The incident comes just a few days after Cahoot closed down its website for 10 hours following a tip-off that users could view other customers' private details. Cyber crime experts said banks and other companies must take more responsibility for providing their online customers with security or run the risk that people will steer clear of these services.
At the Surgery, many Patients are unaware of how insecure using the Internet can be. Hacking can be as complex as viewing data using remotely installed bugging software, or as simple as looking at the screen over the user's shoulder. Either way, the Internet is not secure. Not even when it is used for surfing for the most inocuous item, let alone for banking or credit card account usage. No Doctor here at the Surgery has an Internet accessible savings or banking account, because we know how "accessible" those accounts would be.
Watch out for a brand new page outlining a few steps you can take and good habits you should have with regard to your money and security, here at Money Surgery.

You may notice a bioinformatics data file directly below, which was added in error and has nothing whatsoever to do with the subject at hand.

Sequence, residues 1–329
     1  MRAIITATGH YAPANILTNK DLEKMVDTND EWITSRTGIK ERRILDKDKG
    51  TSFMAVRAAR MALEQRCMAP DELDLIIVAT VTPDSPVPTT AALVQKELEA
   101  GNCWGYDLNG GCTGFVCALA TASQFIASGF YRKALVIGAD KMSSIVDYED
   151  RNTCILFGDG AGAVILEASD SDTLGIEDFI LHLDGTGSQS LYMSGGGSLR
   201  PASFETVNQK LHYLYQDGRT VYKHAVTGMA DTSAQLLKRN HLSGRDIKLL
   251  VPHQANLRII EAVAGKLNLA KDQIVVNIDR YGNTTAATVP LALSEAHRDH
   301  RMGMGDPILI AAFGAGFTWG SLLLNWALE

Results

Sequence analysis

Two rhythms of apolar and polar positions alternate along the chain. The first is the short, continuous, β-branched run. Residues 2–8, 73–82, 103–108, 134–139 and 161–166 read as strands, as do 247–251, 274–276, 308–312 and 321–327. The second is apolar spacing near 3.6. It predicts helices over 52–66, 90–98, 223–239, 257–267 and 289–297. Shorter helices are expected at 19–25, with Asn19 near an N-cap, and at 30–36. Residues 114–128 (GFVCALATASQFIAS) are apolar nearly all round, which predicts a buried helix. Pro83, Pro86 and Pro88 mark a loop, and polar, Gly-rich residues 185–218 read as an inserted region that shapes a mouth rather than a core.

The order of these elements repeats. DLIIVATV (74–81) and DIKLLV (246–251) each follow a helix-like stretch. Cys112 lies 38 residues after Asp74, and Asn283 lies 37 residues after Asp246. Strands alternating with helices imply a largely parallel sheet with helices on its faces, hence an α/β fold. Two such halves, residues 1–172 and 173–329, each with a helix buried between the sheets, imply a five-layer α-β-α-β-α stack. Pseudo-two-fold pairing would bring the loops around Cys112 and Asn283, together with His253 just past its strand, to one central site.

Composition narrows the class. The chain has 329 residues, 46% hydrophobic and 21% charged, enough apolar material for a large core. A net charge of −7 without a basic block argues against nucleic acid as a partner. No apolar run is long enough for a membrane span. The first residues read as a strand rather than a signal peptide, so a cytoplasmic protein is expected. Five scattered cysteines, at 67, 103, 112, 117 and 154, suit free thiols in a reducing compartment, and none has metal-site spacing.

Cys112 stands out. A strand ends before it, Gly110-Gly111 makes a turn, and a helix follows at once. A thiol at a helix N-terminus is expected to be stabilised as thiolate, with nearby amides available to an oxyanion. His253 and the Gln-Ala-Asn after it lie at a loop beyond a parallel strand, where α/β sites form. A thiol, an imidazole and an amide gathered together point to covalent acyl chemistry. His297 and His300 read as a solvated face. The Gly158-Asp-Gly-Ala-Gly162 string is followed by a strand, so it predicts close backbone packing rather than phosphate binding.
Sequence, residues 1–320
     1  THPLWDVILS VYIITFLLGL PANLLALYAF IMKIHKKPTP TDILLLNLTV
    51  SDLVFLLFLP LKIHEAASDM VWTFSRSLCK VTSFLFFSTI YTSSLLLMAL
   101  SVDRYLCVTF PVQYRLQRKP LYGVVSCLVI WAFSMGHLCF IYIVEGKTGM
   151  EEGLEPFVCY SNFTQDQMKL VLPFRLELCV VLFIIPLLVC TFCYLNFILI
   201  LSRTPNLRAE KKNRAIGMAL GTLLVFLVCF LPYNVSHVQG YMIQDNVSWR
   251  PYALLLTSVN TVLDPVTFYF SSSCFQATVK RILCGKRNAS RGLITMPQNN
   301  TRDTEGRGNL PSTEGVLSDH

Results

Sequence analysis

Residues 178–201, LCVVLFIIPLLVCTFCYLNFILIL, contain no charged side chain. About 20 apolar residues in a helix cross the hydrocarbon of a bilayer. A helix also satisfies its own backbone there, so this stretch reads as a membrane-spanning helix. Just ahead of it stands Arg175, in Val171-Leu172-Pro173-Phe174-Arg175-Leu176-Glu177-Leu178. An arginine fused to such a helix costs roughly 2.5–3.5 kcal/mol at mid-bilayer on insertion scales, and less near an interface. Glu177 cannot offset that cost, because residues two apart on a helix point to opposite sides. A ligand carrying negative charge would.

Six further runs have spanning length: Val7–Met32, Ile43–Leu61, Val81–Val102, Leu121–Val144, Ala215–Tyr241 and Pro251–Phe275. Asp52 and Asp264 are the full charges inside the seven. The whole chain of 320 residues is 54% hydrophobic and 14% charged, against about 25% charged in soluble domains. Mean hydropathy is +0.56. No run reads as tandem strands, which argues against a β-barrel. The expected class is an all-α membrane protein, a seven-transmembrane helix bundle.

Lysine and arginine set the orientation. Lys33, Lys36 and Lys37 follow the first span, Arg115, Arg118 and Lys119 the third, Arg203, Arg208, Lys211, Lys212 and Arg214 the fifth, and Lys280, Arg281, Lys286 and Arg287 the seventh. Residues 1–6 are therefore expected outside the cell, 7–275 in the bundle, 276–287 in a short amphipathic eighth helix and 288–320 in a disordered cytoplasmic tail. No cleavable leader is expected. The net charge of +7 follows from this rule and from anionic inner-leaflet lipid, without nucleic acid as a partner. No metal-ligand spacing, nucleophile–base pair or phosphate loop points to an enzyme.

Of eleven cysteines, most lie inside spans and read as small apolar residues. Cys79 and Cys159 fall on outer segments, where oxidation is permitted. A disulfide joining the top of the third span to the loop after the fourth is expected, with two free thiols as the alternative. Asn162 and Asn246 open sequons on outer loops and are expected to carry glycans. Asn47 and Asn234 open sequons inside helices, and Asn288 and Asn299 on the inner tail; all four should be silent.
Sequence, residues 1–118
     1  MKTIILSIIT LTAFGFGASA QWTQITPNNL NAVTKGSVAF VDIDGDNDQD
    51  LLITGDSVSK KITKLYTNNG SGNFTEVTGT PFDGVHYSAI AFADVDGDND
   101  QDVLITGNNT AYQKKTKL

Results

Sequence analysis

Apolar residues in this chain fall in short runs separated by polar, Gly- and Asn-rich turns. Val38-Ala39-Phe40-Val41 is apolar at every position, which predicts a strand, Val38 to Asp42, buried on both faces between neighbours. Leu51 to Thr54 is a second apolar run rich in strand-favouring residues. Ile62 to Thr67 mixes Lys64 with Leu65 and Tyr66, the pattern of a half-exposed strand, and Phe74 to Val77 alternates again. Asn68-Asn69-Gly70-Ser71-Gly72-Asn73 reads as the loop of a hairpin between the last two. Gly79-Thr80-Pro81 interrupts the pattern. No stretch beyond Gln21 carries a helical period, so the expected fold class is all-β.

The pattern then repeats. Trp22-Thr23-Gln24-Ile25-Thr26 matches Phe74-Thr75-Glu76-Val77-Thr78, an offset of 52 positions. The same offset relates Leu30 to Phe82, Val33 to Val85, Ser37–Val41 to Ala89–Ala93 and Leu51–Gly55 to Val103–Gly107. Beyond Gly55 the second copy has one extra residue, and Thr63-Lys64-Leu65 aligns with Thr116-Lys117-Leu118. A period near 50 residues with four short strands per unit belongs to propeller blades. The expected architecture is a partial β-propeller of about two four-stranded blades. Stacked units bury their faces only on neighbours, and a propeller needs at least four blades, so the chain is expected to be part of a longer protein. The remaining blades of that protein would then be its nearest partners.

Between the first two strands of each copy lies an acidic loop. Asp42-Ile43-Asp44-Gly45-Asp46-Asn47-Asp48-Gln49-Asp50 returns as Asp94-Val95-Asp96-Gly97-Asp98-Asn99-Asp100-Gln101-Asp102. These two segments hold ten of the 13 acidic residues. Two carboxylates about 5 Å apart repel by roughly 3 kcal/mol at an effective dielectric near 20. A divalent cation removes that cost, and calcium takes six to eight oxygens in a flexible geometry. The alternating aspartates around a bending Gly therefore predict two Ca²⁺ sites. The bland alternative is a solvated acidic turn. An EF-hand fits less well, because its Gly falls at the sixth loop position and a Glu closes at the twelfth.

Household Debt Behind Record Bankruptcies
(Monday 8th November 2004)
The number of individuals going bankrupt has hit a record high, with figures revealing that in the third quarter of 2004, 11,967 people were declared insolvent, which is up 31% on the same quarter a year ago, according to figures from the Department of Trade and industry.
Experts placed the blame on soaring credit card debt, with the typical bankrupt owing £50,000 on a variety of cards. The rise in bankruptcies - the tenth quarterly increase in a row - will renew concern over Britain's £1 trillion consumer debt, coming days after figures showed that home repossessions have risen to their highest level since early 2000.